Health & Medicine at the 2018 PyeongChang Olympics: Penn Medicine Experts Available for Comment
Article ID: 689386
Released: 12-Feb-2018 2:05 PM EST
Source Newsroom: Perelman School of Medicine at the University of Pennsylvania
Newswise — With the Winter Olympics in PyeongChang upon us, Penn Medicine physicians and scientists are available for comment on a variety of topics relating to health and injury issues—ranging from bird flu and travel-related illnesses to the effects of performance enhancing drugs, cardiac arrest, head trauma and more.
Experts are available for interviews by phone, webcam or satellite uplink from the Penn campus in Philadelphia.
Penn Medicine Experts
Gary Dorshimer, MD, chief of Internal Medicine at Pennsylvania Hospital. He will be traveling to Sochi as an Internal Medicine consultant for the NHL. He served in the same role at the 1998 Nagano, 2002 Salt Lake City, and 2010 Vancouver Olympics, and also serves as team internist with the Philadelphia Flyers, Phantoms, Eagles, and Kixx, and as a consulting internist to the Pennsylvania Ballet.
Sports Medicine & Orthopaedic Injuries
**Additional specialized experts available upon request
Brian Sennett, MD, Director of Sports Medicine
Rahul Kapur, MD, CAQSM, associate professor of Orthopaedic Surgery (Sports Medicine Program).
Alexis Tingan, MD, assistant professor of Physical Medicine and Rehabilitation.
Samir Mehta, MD, Chief of the Division of Orthopaedic Trauma. Treats patients suffering from traumatic orthopaedic injuries, including many extreme sports athletes (snowboarders, rock climbers, etc).
Kate Temme, MD, Director of the Center for the Female Athlete. (Expert in the Female Athlete Triad)
- Flu (seasonal & novel strains)
-Vaccinations and disease prevention
- Waterborne diseases
Neil Fishman, MD, University of Pennsylvania Health System associate chief medical officer, chairman of CDC’s Healthcare Infection Control Practices Advisory Committee
Todd Barton, MD, an associate professor of Clinical Medicine
Ebbing Lautenbach, MD, MPH, chief of Infectious Diseases; expert on infection control and antibiotic resistance.
- Head/Neck Injury
- Spinal Injury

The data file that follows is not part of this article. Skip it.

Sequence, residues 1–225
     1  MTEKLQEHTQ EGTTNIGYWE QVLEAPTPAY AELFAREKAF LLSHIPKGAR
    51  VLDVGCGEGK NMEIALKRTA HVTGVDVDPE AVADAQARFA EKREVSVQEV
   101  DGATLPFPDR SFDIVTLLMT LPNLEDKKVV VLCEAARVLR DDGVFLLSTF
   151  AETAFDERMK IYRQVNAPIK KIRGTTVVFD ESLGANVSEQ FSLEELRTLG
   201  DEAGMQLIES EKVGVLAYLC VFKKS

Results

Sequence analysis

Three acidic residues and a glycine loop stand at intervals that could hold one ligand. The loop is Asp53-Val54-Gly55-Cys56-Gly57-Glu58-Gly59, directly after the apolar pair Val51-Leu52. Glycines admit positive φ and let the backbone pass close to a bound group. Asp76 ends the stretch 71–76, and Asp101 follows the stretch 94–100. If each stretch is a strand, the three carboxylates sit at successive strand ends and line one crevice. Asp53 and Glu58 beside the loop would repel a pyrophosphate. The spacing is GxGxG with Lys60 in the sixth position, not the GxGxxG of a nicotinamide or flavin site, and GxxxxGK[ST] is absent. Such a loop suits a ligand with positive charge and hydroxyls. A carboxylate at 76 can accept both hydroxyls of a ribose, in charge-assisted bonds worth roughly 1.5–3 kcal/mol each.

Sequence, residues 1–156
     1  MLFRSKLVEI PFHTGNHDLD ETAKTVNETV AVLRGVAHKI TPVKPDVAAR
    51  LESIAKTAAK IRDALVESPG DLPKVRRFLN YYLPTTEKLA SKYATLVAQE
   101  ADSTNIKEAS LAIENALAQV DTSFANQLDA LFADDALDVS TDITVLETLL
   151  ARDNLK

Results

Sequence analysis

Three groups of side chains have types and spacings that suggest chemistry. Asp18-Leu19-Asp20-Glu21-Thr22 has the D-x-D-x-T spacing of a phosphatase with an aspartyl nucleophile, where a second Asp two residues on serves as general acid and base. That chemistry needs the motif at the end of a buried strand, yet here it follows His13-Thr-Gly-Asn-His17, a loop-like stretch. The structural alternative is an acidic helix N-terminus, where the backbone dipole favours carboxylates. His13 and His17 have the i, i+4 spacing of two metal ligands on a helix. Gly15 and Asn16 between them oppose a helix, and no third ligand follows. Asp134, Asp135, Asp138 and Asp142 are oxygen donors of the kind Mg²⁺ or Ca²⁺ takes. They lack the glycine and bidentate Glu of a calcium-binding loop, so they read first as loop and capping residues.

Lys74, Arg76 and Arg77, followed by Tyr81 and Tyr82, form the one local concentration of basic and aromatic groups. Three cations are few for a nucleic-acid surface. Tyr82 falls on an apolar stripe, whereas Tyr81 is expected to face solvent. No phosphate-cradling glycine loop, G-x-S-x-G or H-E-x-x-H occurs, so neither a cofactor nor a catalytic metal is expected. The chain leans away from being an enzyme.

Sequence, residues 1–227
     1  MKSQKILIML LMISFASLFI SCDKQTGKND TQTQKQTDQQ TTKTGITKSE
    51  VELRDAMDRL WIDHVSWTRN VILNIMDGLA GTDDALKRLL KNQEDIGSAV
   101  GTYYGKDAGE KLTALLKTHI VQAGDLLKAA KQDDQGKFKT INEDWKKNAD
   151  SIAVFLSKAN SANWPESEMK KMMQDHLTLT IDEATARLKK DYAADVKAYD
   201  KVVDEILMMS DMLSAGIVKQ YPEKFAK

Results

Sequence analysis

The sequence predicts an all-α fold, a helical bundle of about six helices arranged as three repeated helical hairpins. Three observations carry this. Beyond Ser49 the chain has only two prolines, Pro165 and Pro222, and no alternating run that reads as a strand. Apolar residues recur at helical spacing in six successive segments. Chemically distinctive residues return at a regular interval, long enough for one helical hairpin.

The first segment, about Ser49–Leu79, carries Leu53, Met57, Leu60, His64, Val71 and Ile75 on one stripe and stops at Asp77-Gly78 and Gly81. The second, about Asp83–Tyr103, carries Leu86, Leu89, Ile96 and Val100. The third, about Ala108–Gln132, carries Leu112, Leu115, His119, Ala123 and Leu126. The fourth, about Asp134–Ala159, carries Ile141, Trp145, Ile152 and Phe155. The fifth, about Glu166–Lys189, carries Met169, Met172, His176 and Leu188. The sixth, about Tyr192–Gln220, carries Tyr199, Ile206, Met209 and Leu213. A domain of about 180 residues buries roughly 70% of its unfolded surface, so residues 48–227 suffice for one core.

M. Sean Grady, MD, Charles Harrison Frazier Professor of Neurosurgery and Chair of the Department of Neurosurgery
Douglas Smith, MD, Professor of Neurosurgery and Director of the Penn Center for Brain Injury and Repair
- Heart Rhythm problems
- Sudden Cardiac Arrest
Benjamin Abella, MD, Vice Chair of the department of Emergency Medicine and Clinical Research Director, Center for Resuscitation Science
Neel Chokshi, MD, MBA, Director of the Sports Cardiology Program
Anti-Doping & Muscle Physiology
Tejvir S. Khurana, MD, PhD, associate professor of Physiology. He recently took research mice to within 1,000 feet of the summit of Mount Everest to study how a mammal’s physiology changes when exposed to low-oxygen conditions at extreme altitude.
Mitch Lazar, MD, PhD, chief of the division of Endocrinology, Diabetes & Metabolism and Director of the Institute for Diabetes, Obesity and Metabolism
Mark Schutta, MD, Director of the Penn Rodebaugh Diabetes Center
- Performance Anxiety
- Mental Preparedness
- Eating Disorders
Michael E. Thase, MD, Director of the Penn Mood and Anxiety Program
Cory F. Newman, PhD, Professor of Psychology; Director, Center for Cognitive Therapy, expert in sports psychology
Kelly Allison, PhD, Director of Weight & Eating Disorders
- Illness prevention
- Vaccinations for travel
- Motion sickness, jet lag, altitude sickness
- International disease surveillance
Suzanne Shepherd, MD, Director of Education & Research, PENN Travel Medicine, associate professor of Emergency Medicine
Stephen J. Gluckman, MD, director of Penn Global Medicine, professor of Infectious Diseases
- Time Change/Jet Lag
- Sleep Deprivation and the role in athletic performance
Allan Pack, MD, PhD, chief of the Division of Sleep Medicine and Director of the Center for Sleep and Respiratory Neurobiology
David F. Dinges, PhD, professor of Psychiatry and chief, division of Sleep and Chronobiology
Penn Medicine is one of the world’s leading academic medical centers, dedicated to the related missions of medical education, biomedical research, and excellence in patient care. Penn Medicine consists of the Raymond and Ruth Perelman School of Medicine at the University of Pennsylvania (founded in 1765 as the nation's first medical school) and the University of Pennsylvania Health System, which together form a $7.8 billion enterprise.
The Perelman School of Medicine has been ranked among the top five medical schools in the United States for the past 20 years, according to U.S. News & World Report’s survey of research-oriented medical schools. The School is consistently among the nation’s top recipients of funding from the National Institutes of Health, with $405 million awarded in the 2017 fiscal year.
The University of Pennsylvania Health System’s patient care facilities include: The Hospital of the University of Pennsylvania and Penn Presbyterian Medical Center — which are recognized as one of the nation’s top “Honor Roll” hospitals by U.S. News & World Report — Chester County Hospital; Lancaster General Health; Penn Medicine Princeton Health; Penn Wissahickon Hospice; and Pennsylvania Hospital – the nation’s first hospital, founded in 1751. Additional affiliated inpatient care facilities and services throughout the Philadelphia region include Good Shepherd Penn Partners, a partnership between Good Shepherd Rehabilitation Network and Penn Medicine, and Princeton House Behavioral Health, a leading provider of highly skilled and compassionate behavioral healthcare.
Penn Medicine is committed to improving lives and health through a variety of community-based programs and activities. In fiscal year 2017, Penn Medicine provided $500 million to benefit our community.